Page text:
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Guest Column

Consider where you are before you speak

As my son and I left the family-friendly burger joint last Saturday, we got stuck in the exit behind two men casually talking about nothing in particular. Unfortunately, these two fellows, perhaps unaware that they were in public, chose to casually pepper their language with words that would make a sailor blush.

This, of course, led to my seven-year-old son - who calls me out if I say "butt" or "crap" - to start telling me, "he said the 'f' word, he said the 's" word" and so forth. Fortunately, if you can call it that, many of the filthy terms these men used without regard to their surroundings did not register with a first-grader as bad words, so I was spared conversations about some of the more choice language.

This would not be quite so alarming if it wasn't such a regular occurrence. Over the course of that day, my son and I visited a music recital for kids around age 6 through teenagers, ate at the aforementioned burger joint, visited a popular department store and went to the movies.

At every single one of these places, including the children's music recital, I heard words that I would not be allowed to say on the radio. Apparently the use of "swear" or "curse" words has become so common that people no longer consider the surroundings before using them.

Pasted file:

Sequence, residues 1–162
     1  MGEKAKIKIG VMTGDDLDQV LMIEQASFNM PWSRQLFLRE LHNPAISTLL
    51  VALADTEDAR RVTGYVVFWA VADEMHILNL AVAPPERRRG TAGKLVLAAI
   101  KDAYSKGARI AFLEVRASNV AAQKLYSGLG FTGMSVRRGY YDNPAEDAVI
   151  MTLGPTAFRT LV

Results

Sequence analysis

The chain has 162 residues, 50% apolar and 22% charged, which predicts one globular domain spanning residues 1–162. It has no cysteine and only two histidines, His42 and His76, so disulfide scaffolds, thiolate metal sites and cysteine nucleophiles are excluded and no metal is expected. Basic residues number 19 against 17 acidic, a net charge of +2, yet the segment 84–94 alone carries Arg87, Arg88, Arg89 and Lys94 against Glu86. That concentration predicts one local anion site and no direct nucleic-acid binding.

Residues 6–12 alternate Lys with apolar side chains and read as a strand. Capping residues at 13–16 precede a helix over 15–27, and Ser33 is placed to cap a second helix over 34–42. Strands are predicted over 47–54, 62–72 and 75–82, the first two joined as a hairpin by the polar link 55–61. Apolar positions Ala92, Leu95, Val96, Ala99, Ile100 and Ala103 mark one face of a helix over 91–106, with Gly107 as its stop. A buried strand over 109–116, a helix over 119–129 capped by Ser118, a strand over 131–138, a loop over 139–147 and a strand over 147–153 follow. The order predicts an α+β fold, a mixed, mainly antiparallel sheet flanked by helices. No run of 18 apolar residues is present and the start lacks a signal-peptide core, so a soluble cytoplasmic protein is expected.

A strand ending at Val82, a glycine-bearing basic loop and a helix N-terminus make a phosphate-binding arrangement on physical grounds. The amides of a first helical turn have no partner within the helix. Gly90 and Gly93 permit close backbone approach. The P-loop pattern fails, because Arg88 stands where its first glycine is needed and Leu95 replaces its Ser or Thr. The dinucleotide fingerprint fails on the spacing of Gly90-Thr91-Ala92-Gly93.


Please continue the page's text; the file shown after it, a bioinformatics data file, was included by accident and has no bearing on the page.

Now, I'm not going to pretend I don't use various inappropriate words when surrounded by adults. I'll also admit to swearing if say, something heavy falls on my foot and I can remember one job where the actions of our CEO (he's dead now, deservedly so) caused me to let out a muttering string of bad words in the newsroom.

Sometimes life simply requires that you use an inappropriate word. If I get hit in the face by a frying pan, my verbal response is not likely to be, "oh, fiddlesticks," but at times when one can control his language, I make every effort to.

It seems like not using foul language where children might be present should be a basic rule of society. That hardly seems to be the case as even when I was running a giant toy store - a place ostensibly filled with kids - I constantly had to ask people to tone down their language.

Of all the basic societal courtesies this seems like one of the easiest to abide by, yet too many people seem either unwilling, or perhaps, unable to control themselves. While people may have varying lines for what they consider appropriate, there are a number of words we all agree should not be used in public settings.

I'd prefer to not have to explain certain vulgar anatomical terms to a seven-year-old and can think of few reasons why those terms would be used in public. It's a question of basic civility, an understanding that you are not the only person in the world - a hard concept for some, but one that we should all keep in mind.

Daniel B Kline's work appears

in more than 100 papers weekly (dan@notastep.com).

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